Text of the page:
We all want to live in Hebrews 11—that is, the first part of the chapter! That is where people had faith and accomplishments, successes and victories resulted. We easily forget how many struggles some of these heroes of faith dealt with on the way to their shining moment. Then there are the “others.” They had faith—perhaps even more commendable faith—because they had faith when the results didn’t look good from any earthly perspective. They were afflicted, destitute and mistreated. Success and failure are how we rate things. God rates faith regardless of success or failure.

David Brooks wrote, “You build character by struggling against internal sins—not by accomplishing great external feats. If you don’t believe in sin, you won’t build great character.” I John 1:8 says “If we claim to be without sin, we deceive ourselves and the truth is not in us.” Recognizing the truth about ourselves is essential to building character. The Pharisees could find fault in everyone else, but they were blind to their own sin. They sacrificed their own character pretending to be perfect. Outside challenges and trials build character because they often reveal internal sins we must overcome.

Our daughter, Rachel, keeps a verse from Isaiah 7:9 on our kitchen blackboard. It was a word to the wicked King of Judah, Ahaz. “If you do not stand firm in your faith, you will not stand at all.” On the heels of that comes the great sign and prophecy about the birth of Jesus being Immanuel “God with us.” The way we stand firm in our faith is not primarily through self-discipline and endurance as important as those are, but rather through clinging to and surrendering our lives to Jesus who is God with us.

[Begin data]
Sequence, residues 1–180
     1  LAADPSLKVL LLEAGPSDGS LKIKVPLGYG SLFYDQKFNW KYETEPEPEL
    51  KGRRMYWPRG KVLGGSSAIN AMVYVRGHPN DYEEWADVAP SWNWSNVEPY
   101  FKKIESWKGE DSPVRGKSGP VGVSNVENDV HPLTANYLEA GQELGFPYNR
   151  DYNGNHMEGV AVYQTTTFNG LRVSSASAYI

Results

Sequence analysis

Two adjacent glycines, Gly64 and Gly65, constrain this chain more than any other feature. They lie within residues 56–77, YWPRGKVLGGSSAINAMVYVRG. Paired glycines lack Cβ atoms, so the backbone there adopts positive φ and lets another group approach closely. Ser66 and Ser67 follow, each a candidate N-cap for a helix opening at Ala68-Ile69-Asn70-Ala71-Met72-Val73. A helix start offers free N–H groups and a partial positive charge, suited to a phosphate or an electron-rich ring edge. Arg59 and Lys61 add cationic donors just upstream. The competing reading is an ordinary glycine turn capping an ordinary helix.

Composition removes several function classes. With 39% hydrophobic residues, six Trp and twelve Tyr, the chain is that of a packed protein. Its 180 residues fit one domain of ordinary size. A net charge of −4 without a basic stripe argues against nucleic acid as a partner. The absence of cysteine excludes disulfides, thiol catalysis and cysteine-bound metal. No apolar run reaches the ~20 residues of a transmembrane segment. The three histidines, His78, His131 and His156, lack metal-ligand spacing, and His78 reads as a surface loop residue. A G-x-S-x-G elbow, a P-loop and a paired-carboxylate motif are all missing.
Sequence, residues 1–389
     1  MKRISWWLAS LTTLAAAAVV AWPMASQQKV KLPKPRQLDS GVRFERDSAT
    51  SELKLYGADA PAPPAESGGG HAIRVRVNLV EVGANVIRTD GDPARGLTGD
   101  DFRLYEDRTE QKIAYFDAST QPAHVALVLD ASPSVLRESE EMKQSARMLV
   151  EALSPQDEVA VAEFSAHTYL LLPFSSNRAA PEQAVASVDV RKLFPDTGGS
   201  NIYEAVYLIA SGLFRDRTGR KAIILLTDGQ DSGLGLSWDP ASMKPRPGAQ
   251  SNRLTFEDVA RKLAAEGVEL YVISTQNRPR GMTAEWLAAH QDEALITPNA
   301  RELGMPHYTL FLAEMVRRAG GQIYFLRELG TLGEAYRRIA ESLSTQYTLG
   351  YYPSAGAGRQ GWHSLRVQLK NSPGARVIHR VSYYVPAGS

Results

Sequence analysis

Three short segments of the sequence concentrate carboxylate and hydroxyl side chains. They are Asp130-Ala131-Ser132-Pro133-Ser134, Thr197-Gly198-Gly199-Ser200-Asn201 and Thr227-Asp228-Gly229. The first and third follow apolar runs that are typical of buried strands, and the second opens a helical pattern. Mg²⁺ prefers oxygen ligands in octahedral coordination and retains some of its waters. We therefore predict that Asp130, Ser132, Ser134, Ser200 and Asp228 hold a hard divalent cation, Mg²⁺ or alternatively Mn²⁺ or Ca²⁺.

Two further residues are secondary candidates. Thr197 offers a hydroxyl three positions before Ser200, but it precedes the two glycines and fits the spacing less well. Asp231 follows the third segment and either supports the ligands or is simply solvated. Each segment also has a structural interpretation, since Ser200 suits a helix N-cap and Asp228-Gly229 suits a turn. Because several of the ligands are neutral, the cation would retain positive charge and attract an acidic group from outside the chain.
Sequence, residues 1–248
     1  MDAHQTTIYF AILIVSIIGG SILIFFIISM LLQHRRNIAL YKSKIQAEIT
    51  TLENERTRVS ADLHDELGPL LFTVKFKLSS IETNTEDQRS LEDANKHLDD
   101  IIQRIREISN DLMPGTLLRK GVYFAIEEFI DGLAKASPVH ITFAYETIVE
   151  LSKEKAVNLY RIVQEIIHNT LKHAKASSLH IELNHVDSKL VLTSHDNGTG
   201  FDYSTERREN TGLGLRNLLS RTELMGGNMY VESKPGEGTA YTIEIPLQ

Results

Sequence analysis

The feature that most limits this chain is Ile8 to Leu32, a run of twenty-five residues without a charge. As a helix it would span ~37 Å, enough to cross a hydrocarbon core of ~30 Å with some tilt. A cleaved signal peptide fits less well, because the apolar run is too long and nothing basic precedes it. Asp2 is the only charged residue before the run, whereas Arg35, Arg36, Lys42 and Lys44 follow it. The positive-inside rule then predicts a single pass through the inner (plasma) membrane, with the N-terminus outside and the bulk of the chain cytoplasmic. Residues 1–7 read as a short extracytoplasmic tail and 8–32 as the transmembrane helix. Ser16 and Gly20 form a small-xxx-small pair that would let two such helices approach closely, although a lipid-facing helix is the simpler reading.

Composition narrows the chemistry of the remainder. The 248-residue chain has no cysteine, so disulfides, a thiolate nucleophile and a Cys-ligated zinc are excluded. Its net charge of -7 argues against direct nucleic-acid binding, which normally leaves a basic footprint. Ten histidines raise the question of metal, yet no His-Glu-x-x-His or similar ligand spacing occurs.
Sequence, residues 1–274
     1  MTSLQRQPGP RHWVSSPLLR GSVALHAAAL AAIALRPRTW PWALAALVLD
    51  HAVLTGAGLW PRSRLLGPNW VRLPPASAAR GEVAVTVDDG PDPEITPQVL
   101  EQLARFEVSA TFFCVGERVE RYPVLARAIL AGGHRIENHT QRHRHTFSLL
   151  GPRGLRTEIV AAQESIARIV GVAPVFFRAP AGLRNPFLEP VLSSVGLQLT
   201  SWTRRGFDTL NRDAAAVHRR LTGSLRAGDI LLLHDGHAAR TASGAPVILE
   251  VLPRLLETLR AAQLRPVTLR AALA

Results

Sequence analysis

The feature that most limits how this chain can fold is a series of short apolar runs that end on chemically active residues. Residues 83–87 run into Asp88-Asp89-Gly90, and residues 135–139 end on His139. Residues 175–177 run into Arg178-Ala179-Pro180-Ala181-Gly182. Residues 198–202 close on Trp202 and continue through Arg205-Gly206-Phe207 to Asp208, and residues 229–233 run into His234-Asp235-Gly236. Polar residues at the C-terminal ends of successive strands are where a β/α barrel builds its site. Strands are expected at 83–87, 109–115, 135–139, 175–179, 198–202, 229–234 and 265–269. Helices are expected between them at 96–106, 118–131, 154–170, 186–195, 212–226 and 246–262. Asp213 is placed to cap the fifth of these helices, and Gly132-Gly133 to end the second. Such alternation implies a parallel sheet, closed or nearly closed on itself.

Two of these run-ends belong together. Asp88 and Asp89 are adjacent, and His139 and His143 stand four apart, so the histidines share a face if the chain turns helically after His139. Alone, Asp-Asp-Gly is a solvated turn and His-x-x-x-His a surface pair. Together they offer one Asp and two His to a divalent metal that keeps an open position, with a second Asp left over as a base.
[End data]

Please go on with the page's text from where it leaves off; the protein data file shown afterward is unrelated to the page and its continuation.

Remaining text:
In personal finance we talk about the difference compound interest makes. Even though one day is not significant, many days make the difference. Today I subbed at a school and worked with some children I haven’t worked with since last school year. Even though it was a “Friday,” I was impressed by how much these children had matured and grown up. Our spiritual growth may hardly be noticeable on a daily basis—and we may occasionally have a “Friday.” God takes a long view. As we cooperate with Him, He nourishes compound spiritual growth in our lives.

Sometimes we need to be told bluntly what we already know by experience yet refuse to admit. Life is an obstacle challenge. Quit expecting it to be easy. Without opposition there is no life. You don’t get to ride down the slide if you haven’t climbed the ladder to the slide deck first. The seed doesn’t become a plant unless it pushes through the ground first. Paul says we take captive every thought to make it obedient to Christ. Even our thought life is an obstacle course to overcome! Every obstacle is an opportunity that offers growth and life.

At Thanksgiving, we give thanks as we should for things we once enjoyed or for things we currently enjoy. But, eventually, all good things come to an end! We should remember to give thanks for the imperishable things cannot be destroyed—things that cannot perish, spoil, fade, or burn. They can’t even get lost because they are kept in heaven for us (I Peter 1:4). Hebrews 12:28 says we are receiving a kingdom that cannot be shaken. In Luke 10:20 Jesus told disciples who were elated because of their success, to rejoice that their names are written down in heaven.

In the last week of his life Jesus gives the Olivet Discourse in John 15. Jesus talks about being the vine and us being his branches. Jesus says the Father prunes the branches, so they become more fruitful. Then Jesus told his disciples that they were already clean because of his words to them. When I read the Bible, I tend to read it to add something to my life. But the way to fruitfulness is to read the Bible to prune something away from my life. The way to fruitfulness is less of me and more of Jesus.